February 7 at Doc Films: “Ed Wood”

By BRIAN BELAK
HeraldBlog Film Critic

When Pacific Rim came out last year, it garnered a very mixed reaction from audiences and critics alike. Basically, whether you liked the film boiled down to whether or not you bought into director Guillermo del Toro’s attempt to create his own version of the cheeseball robot/monster flicks he adored as a child. Understanding Pacific Rim rested a lot on understanding the parts of the film that were bad were supposed to be bad and could actually be considered good in the whole picture.

Tim Burton’s 1994 film Ed Wood, showing at Doc Films on Friday, February 7, and again on Sunday, February 9, posited this same question of good and bad twenty years ago. In making his slightly fictionalized biopic of Edward D. Wood, Jr., famed bad director of  “worst film ever made” Plan 9 from Outer Space, Burton turned his own film into one of Wood’s, filling the story with poor acting, cheesy dialogue, and of course, classic 1950s black and white.

Pacific Rim worked so well because even if you didn’t 100% buy into del Toro’s fanaticism, there’s still something about watching giant robots fight giant sea creatures that entertains on a very base level. Ed Wood, on the other hand, deals with subject matter that’s a little bit more difficult to enjoy. Admittedly, since their initial poor reception in the 1950s, a lot of films like Plan 9 from Outer Space have enjoyed new life in cult status, and there are plenty of people (Burton ostensibly being one of them) who genuinely love them for all of their idiosyncrasies. But that’s just the thing with cults; you have to be initiated before you can really be a part of them.

Ed Wood therefore plays like a cult film by and for members of the cult of bad cinema, and to that aim, it’s quite successful. Viewers who have spent hours laughing at films like Santa Claus Conquers the Martians or who regularly attend midnight showings of Plan 9 from Outer Space will love seeing those kinds of films deconstructed and explained as to how they became so hilariously bad. Johnny Depp as Wood is absolutely manic as he throws away every sensible suggestion (like fixing basic continuity problems) from his Plan 9 funders in an effort to make the film cheaply and quickly.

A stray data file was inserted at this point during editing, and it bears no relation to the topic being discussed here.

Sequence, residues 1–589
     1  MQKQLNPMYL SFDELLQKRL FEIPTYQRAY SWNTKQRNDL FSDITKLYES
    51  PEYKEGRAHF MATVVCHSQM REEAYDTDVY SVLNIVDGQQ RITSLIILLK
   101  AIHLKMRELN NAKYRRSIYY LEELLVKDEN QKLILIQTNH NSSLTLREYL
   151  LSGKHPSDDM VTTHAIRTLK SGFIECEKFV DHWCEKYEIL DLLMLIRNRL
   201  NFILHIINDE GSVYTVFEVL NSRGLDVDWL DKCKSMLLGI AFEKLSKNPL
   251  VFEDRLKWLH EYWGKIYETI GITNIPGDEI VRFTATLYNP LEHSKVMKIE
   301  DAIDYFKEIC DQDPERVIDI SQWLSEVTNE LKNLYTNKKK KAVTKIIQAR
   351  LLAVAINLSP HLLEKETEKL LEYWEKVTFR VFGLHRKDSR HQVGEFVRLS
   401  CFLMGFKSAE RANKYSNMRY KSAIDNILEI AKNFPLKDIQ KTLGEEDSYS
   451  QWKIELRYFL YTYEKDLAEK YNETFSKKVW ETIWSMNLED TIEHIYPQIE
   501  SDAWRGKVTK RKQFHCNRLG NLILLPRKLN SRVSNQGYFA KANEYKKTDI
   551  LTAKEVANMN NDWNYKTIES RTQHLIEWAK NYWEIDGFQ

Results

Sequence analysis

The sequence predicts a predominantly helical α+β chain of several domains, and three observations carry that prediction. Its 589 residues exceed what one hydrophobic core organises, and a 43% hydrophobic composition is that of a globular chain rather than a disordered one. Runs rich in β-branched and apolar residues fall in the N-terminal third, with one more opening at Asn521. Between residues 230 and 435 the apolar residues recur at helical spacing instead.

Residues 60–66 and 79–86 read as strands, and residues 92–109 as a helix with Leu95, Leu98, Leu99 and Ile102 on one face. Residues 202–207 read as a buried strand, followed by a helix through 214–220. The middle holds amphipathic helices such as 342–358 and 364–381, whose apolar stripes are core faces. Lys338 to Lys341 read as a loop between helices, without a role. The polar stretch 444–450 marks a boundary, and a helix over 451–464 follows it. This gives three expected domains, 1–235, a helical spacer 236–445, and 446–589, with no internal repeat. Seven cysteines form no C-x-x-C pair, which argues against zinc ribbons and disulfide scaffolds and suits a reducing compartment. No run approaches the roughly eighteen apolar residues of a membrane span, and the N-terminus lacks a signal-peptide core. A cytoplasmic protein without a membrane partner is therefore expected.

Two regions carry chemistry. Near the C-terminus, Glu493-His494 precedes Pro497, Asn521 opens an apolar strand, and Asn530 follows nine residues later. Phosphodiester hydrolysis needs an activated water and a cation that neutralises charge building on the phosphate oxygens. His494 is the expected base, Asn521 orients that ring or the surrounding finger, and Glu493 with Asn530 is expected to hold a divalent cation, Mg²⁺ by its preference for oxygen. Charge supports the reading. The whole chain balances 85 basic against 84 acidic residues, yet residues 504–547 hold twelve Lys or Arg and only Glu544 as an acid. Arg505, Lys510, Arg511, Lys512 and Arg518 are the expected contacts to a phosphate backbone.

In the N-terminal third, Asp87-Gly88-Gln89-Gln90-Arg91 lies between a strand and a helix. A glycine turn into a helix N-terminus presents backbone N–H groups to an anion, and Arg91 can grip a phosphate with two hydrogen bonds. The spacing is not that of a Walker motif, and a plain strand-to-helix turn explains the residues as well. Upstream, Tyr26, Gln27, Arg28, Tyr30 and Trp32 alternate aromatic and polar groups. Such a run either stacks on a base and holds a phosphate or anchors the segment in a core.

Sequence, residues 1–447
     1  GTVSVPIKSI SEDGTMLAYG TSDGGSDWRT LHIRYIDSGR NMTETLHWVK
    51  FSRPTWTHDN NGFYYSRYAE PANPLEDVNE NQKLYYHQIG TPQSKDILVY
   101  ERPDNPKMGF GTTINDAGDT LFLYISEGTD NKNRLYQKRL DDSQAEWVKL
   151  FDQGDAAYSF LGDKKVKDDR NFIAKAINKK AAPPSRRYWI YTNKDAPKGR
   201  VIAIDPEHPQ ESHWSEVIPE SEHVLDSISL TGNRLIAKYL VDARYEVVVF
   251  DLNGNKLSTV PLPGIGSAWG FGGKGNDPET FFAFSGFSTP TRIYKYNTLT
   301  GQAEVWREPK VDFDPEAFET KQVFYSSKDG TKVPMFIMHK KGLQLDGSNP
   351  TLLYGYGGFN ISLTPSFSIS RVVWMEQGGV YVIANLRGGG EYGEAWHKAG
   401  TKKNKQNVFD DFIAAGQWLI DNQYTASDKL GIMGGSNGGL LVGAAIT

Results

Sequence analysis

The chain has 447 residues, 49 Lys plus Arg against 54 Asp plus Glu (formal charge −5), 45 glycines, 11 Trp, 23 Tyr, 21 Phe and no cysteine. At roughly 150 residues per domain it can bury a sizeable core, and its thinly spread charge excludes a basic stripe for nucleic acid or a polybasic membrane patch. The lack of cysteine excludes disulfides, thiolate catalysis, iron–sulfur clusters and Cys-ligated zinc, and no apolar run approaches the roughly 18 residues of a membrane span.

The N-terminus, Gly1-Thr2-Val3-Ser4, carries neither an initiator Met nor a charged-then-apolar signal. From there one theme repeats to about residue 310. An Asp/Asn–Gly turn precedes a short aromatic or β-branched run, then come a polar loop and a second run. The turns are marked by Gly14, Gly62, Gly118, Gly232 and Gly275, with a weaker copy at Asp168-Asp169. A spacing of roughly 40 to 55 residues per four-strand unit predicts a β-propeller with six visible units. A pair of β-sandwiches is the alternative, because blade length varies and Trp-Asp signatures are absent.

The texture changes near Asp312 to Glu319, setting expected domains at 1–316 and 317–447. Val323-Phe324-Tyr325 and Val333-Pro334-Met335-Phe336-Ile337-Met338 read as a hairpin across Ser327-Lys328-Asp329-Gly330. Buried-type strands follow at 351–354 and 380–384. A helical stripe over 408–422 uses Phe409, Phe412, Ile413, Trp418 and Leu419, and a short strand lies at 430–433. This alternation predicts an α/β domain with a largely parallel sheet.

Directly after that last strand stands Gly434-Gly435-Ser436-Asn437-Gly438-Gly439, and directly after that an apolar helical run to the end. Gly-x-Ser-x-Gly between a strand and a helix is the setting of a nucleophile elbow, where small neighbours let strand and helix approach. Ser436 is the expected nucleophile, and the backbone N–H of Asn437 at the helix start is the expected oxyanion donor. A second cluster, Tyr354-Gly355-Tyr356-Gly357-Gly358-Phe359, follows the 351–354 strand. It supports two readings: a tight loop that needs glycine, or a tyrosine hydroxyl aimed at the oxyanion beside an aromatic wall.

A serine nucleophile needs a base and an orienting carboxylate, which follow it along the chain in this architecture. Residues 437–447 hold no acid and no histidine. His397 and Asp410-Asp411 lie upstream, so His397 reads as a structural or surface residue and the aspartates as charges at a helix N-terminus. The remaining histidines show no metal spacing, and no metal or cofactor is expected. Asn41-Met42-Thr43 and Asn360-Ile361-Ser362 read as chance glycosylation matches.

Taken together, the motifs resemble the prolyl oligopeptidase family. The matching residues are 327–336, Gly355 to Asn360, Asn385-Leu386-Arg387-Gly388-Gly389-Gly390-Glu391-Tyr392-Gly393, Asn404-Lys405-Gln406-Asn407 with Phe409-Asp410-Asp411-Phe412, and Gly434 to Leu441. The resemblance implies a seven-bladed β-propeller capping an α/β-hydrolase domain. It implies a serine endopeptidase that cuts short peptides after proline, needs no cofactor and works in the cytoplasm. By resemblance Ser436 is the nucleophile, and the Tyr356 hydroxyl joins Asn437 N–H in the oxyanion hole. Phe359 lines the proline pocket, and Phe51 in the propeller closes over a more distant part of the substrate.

However, if you’re not yet a member of that cult and have never seen Plan 9 (like I haven’t), the flaws in the film stand out that much more strongly. Intentional or not, the film has a tendency to just feel bad, especially when it comes to much of the acting in the film. Sarah Jessica Parker, who plays Wood’s actress girlfriend Dolores Fuller in the first half of the movie, is the worst of them all as she moves through the film delivering ill-timed and often inappropriate reactions to the events of the film.

On the opposite end of the acting spectrum from Parker is Martin Landau’s awe-inspiring take on actor Bela Lugosi, most famous for playing the canonical Dracula. Ed Wood fictionalizes quite a bit with the Lugosi character, creating instead a downtrodden and washed-up actor by the time Wood steps in to offer Lugosi roles in his movies. Landau thus plays the role with inimitable poise and a hint of sorrow, acting his way toward a much-deserved Best Supporting Actor win at the Academy Awards.

When I mentioned the above criticisms to a friend of mine, he countered with the idea that Ed Wood succeeds as a film because it’s easy to feel the pure joy and adoration for the subject material coming from Burton, Depp, and the other actors on set. I agree to some extent – and it certainly seems like Ed Wood would have been a fun set to be working on ­– so the film is still worth watching regardless of whether or not you’re a member of the cult. It’s just those few moments of exclusivity that bring it down a few levels from being great.